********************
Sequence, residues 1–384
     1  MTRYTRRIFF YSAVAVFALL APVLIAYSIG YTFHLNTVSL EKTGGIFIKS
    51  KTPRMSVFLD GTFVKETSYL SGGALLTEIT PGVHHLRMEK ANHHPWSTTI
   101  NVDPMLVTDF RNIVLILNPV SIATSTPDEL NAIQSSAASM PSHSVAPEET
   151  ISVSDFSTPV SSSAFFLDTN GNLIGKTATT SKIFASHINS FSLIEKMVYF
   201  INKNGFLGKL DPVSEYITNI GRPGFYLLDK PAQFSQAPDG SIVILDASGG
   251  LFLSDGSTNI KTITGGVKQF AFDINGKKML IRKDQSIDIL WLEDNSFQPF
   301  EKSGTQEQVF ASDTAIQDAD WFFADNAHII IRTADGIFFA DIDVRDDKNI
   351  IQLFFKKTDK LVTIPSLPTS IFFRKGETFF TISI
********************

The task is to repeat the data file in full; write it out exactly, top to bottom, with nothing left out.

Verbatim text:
Sequence, residues 1–384
     1  MTRYTRRIFF YSAVAVFALL APVLIAYSIG YTFHLNTVSL EKTGGIFIKS
    51  KTPRMSVFLD GTFVKETSYL SGGALLTEIT PGVHHLRMEK ANHHPWSTTI
   101  NVDPMLVTDF RNIVLILNPV SIATSTPDEL NAIQSSAASM PSHSVAPEET
   151  ISVSDFSTPV SSSAFFLDTN GNLIGKTATT SKIFASHINS FSLIEKMVYF
   201  INKNGFLGKL DPVSEYITNI GRPGFYLLDK PAQFSQAPDG SIVILDASGG
   251  LFLSDGSTNI KTITGGVKQF AFDINGKKML IRKDQSIDIL WLEDNSFQPF
   301  EKSGTQEQVF ASDTAIQDAD WFFADNAHII IRTADGIFFA DIDVRDDKNI
   351  IQLFFKKTDK LVTIPSLPTS IFFRKGETFF TISI